During one of Gelen Robinson's matches at the Calumet regional, somebody yelled, "Who is that grown man wrestling with these boys?"
The Lake Central senior's accomplishments enter wrestling rooms and gyms long before he does. His legacy is cemented not just in wrestling but in athletics as a whole in the region annals.
This weekend, he'll attempt to add some of the finishing touches to a stellar career as he goes for his second state championship at 220 pounds this weekend at Bankers Life Fieldhouse in Indianapolis.
"Another state title was the only goal I had this year," Robinson said. "It's been a great year and I've done some great things, but if this year didn't end with a state title I wouldn't be satisfied."
"It wasn't an option."
Robinson is 48-0 on the season. He hasn't lost since the second to last match of his sophomore campaign, giving him a streak of 98 consecutive wins. He's compiled a 142-8 record over his last three seasons. The webmasters at Indianamat.com haven't changed the No. 1 ranked wrestler at 220 pounds in over two years.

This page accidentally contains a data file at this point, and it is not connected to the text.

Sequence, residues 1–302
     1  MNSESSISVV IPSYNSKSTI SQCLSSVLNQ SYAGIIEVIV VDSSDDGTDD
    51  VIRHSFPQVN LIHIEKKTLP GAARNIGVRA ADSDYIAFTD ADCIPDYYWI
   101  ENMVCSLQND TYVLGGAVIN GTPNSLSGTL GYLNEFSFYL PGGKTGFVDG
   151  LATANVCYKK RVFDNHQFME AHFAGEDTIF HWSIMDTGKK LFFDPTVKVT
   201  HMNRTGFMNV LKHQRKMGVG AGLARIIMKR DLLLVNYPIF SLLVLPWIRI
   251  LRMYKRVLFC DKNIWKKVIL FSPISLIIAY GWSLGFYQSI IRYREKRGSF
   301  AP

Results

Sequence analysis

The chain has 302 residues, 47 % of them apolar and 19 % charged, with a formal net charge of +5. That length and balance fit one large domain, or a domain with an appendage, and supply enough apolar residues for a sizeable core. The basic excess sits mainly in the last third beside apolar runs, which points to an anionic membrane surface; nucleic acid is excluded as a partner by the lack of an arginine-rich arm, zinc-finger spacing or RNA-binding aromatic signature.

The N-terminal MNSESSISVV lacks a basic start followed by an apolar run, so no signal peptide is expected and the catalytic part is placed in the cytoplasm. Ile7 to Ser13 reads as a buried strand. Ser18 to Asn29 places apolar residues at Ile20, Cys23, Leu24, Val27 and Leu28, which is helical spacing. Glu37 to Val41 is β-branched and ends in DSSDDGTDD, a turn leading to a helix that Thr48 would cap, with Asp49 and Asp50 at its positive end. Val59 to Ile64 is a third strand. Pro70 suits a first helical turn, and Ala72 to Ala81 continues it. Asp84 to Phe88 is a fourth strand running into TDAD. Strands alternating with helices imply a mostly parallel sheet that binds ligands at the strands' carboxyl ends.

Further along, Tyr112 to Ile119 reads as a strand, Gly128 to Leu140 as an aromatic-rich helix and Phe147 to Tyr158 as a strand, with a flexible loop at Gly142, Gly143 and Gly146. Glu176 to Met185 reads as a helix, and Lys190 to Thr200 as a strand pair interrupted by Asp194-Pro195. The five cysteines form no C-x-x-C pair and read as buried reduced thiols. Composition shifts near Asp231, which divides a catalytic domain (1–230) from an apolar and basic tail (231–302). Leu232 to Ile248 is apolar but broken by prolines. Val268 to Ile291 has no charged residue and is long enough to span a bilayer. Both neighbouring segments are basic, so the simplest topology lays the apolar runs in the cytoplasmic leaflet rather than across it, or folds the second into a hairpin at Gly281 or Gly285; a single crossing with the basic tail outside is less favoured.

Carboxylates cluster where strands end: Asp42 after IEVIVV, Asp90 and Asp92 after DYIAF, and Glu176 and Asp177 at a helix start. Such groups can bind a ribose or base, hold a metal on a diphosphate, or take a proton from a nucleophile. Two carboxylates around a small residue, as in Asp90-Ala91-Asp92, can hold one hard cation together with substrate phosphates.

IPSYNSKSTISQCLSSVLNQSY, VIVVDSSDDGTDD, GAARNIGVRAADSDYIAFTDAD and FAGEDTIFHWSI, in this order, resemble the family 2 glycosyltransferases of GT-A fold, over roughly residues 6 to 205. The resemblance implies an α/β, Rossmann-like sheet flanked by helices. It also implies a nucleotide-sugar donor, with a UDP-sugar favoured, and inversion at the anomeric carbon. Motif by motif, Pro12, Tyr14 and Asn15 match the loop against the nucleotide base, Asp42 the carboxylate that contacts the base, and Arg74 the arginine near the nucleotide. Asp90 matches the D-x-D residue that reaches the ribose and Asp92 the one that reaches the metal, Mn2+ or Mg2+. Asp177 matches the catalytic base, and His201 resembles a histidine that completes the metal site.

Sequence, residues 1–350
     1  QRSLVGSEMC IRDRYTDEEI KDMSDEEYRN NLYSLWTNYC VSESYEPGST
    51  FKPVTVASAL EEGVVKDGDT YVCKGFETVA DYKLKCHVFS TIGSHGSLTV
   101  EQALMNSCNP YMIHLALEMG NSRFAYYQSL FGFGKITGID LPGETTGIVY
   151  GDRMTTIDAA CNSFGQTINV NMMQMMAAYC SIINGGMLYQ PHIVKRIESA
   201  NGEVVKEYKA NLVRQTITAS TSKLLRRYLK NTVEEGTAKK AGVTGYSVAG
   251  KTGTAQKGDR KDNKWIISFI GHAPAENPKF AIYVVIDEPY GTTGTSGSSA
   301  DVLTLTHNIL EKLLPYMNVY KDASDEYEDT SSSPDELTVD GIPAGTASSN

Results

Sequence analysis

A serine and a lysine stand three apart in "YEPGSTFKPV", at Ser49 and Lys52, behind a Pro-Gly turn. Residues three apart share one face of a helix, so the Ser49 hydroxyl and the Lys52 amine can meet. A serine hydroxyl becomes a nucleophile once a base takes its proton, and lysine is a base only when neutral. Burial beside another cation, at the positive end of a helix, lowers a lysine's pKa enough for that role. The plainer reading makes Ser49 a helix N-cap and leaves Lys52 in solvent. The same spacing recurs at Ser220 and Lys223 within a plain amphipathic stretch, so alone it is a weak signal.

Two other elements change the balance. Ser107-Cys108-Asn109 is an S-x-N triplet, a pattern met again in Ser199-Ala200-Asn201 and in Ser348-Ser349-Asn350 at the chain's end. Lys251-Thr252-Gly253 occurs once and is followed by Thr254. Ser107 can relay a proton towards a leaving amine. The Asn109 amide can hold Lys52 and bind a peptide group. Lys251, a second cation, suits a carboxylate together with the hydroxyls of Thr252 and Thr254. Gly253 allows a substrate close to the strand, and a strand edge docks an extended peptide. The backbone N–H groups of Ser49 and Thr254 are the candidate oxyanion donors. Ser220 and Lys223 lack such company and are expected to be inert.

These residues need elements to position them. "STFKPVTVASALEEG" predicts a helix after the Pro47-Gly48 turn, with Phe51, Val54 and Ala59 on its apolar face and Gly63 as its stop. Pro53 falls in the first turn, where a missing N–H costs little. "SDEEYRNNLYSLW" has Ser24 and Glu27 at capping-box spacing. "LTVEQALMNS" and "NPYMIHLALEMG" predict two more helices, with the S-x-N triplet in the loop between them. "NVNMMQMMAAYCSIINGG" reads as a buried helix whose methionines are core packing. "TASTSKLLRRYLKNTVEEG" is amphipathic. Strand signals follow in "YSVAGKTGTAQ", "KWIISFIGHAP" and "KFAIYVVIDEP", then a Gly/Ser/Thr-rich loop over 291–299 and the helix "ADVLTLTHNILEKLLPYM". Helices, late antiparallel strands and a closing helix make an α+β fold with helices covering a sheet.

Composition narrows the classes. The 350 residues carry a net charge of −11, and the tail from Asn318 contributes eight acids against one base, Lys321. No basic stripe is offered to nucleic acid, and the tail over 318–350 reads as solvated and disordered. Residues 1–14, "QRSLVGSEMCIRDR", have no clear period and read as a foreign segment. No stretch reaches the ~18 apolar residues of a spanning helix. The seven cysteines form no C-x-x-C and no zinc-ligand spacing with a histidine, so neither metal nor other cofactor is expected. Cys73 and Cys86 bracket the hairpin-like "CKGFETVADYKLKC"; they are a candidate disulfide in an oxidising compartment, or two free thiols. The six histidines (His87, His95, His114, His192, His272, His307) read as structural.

All that attention doesn't get to Robinson, though.
"I wouldn't say there's any more pressure now. It really doesn't bother me," he said. "(The recognition) is for the fans and its great to have their support, but when all is said and done it's up to me to do the job."
Robinson won't rule out the possibility of wrestling in college, but he knows it will be difficult to fit it into his schedule. He'll attend Purdue in the fall on a football scholarship.
"Gelen's true passion is football but as a college wrestler he would be pretty damn tough once his technique was cleaned up," L.C. coach Ryan Alb said.
Track is also part of his college plans. Robinson is state-championship caliber in shot put and discus. In an age where many prep athletes focus on a single sport, it's important to him that he's known as an athlete who could be successful in multiple arenas.
"I definitely want to be remembered as a great wrestler, as one of the best 220's to come out of Indiana. But kids don't have to be single-sport athletes," Robinson said. "Being a three-sport athlete pays off in the long run."
Robinson's long run in tormenting area 220-pounders will come to an end soon, no matter what happens this weekend. Alb said he'll need to win that second state title to be ranked among the best in Indians history on the mat.
But of course, ending this season any other way was never an option for him.